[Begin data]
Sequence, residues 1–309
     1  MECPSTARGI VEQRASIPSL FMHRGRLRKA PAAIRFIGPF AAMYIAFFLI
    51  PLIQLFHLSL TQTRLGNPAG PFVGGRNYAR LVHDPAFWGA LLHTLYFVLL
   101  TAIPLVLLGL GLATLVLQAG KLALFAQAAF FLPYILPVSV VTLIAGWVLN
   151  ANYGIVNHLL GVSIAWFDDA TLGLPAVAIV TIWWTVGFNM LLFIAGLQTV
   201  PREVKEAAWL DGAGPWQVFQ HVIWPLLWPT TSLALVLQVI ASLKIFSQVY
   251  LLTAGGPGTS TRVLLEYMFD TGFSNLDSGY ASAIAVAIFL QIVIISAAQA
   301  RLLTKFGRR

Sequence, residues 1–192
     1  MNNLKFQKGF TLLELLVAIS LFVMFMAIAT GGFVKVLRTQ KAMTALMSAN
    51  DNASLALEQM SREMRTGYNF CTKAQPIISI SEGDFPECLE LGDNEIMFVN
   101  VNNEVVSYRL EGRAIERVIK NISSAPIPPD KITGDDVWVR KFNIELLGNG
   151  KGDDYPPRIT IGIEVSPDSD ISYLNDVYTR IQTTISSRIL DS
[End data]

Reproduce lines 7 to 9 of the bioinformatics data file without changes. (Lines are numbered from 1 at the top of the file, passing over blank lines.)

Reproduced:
   251  LLTAGGPGTS TRVLLEYMFD TGFSNLDSGY ASAIAVAIFL QIVIISAAQA
   301  RLLTKFGRR

Sequence, residues 1–192